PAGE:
Heal’s Discovers 2018: Meet the Designers

Now in it’s 14th year, Heal’s Discovers promotes the work of innovative and emerging design talent by providing a platform on which to showcase their skills and creativity. Launching as part of London Design Festival, this year’s designers have pushed the boundaries of creativty by working with materials in new ways and forming solutions to common design problems. Meet the designers behind the Heal’s Discovers 2018 collection below.

John Eadon

Heal’s Discovers 2018 finalist, John Eadon, has always had an interest in design. Having grown up on his family’s working farm, he used to sketch his own designs for tractors before developing his passion for creativity at Norwich School of Art & Design. He began working with wood and went on to teach himself furniture making.

Heal’s first discovered John at his stand at Platform at Clerkenwell Design Week where he was displaying his Trellis shelving system. The design stemmed from an exploration of the Windsor chair and the techniques used to make it. The result is a light freestanding, adaptable modular design that can also be used as a room divider. Its arched top and bottom, which were influenced by the use of arches in architecture, make it a truly standout piece.

The mirrored arches are reminiscent of when the arches of bridges are reflected in rivers they cross.

“Such large pieces of furniture can be imposing and block out light, so I wanted to design something which would be very open and allow light through, whilst also offering options to act as a partial screen to a space.”

The shelving system can grow or reduce to suit the users changing needs – panels and shelves can be rearranged giving the owner plenty of creative freedom to arrange their own individual layout. This simple design is produced from sustainably sourced British oak and ash which were chosen for its excellent strength, flexibility and warmth.

John’s favourite Heal’s product? The Tip Ton chair by Barber and Osgerby for Vitra – “It is such a good example of observing and taking note of human habits and designing to cater for those needs, it’s playful and purposeful and has an active conversation with the user. Little things like that bring a lot of joy to design.”


Tijn Van Orsouw

Tijn Van Orsouw grew up in a small village in the south of the Netherlands where he developed his passion for designing and creating. Backed by a belief that good design lies in innovation, Tijn developed the Lightcomposer collection – a series of lighting solutions made from Colback, a non-woven paper-like textile.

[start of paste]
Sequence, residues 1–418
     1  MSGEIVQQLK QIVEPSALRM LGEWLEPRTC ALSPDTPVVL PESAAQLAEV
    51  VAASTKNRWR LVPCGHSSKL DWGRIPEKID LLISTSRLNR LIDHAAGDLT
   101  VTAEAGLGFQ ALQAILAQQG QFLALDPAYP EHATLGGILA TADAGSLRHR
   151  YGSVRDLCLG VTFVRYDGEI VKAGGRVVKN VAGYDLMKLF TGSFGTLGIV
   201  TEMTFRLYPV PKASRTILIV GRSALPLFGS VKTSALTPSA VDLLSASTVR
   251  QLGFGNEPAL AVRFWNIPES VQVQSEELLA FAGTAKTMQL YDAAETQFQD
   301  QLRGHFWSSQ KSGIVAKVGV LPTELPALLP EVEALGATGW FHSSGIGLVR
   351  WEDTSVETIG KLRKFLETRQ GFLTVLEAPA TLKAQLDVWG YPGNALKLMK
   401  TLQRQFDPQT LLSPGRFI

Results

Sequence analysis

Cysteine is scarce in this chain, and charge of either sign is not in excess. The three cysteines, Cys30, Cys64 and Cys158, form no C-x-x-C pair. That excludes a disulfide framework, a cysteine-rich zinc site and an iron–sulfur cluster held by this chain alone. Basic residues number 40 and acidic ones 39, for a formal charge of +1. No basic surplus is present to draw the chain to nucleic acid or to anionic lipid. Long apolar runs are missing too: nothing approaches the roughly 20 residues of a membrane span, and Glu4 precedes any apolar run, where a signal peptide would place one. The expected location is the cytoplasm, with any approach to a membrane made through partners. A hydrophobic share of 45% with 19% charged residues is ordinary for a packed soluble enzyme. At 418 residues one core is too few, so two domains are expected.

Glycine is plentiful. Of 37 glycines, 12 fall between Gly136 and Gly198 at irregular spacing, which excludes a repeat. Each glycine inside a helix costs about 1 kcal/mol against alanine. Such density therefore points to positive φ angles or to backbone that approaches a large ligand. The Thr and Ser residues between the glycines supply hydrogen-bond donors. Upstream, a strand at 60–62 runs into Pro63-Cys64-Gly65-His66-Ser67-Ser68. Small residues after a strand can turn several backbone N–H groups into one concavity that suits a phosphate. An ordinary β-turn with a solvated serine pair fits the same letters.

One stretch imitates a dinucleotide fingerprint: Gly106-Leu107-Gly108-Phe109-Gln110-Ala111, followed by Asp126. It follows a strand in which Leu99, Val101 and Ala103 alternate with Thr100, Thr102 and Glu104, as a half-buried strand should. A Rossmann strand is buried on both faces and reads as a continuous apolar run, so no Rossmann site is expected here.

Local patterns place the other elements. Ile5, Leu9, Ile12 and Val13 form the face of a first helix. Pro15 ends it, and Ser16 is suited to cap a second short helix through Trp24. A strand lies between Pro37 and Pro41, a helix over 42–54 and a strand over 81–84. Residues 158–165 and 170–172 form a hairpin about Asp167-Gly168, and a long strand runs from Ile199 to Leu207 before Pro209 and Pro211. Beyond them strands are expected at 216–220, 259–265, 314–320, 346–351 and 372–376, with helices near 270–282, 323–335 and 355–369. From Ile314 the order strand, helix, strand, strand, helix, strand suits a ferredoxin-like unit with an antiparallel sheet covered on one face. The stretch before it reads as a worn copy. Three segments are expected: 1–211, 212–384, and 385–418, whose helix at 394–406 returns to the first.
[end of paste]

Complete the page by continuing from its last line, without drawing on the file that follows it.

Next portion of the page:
Initially designed as a window screen, Tijn became fascinated by the way Colback transmitted light and wanted to experiment with folds along different planes. After some time, his two designs were born – the Lightcomposer Wall Lamp and Lightcomposer Pendant both feature origami-style folds which disperse light from the inbuilt LED beautifully, emitting a soft glow around the room.

Tijn’s Lightcomposer Pendant has a slim LED strip at its centre which holds the material in shape. 

Tijn works in a large workshop alongside many other designers and artists. “For me this is where I can talk about my work and work and play with new ideas and designs. In the afternoon we always have lunch together, sometimes with about 18 people. I like people around me. This is often how the best ideas surface.”

What does good design mean to Tijn? Good design is innovative and pushes existing design concepts further on in a meaningful way. A good design should be able to be adopted by an audience and it should be clear how to use it straight away.


The Indigo Mill

The Indigo Mill is housed in a large woollen mill built in the Industrial Era. It has been a place of British textile manufacture since 1812, and now creates woven floor runners produced from recycled yarns.

Sarah May is the brains behind the business. She began designing the collection of runners after delving into the archives of the Victorian wool mill the company are based in. The company then investigated the yarn stocks to start producing and discovered large amounts of unused tufting yarns that would be ideal for weaving.

“I made contact with the Bristol Weaving Mill during the small hours of the morning after my baby daughter fell asleep on me and I was left immobile scrolling through my phone reading articles. When I came across one about the BWM it sparked a question of why we couldn’t use our tufting yarns for weaving? I contacted the BWM and by the morning, I had a response back open to the idea of a collaboration.”

Experiments with the Bristol Weaving Mill developed into these beautifully finished runners. Each with their own pattern, they are lovingly made from 100% recycled yarn.

Where does Sarah find inspiration? My garden – I’m a keen gardener I have plants everywhere, fruit trees, vegetables, flowers and my kitchen window sills are filled with cacti, indoor plants and succulents. The geometry and symmetry of shape, the available colours and contrasts, there is always a source of inspiration. It is my therapy, it provides a refuge bubble when life is on a chaotic schedule.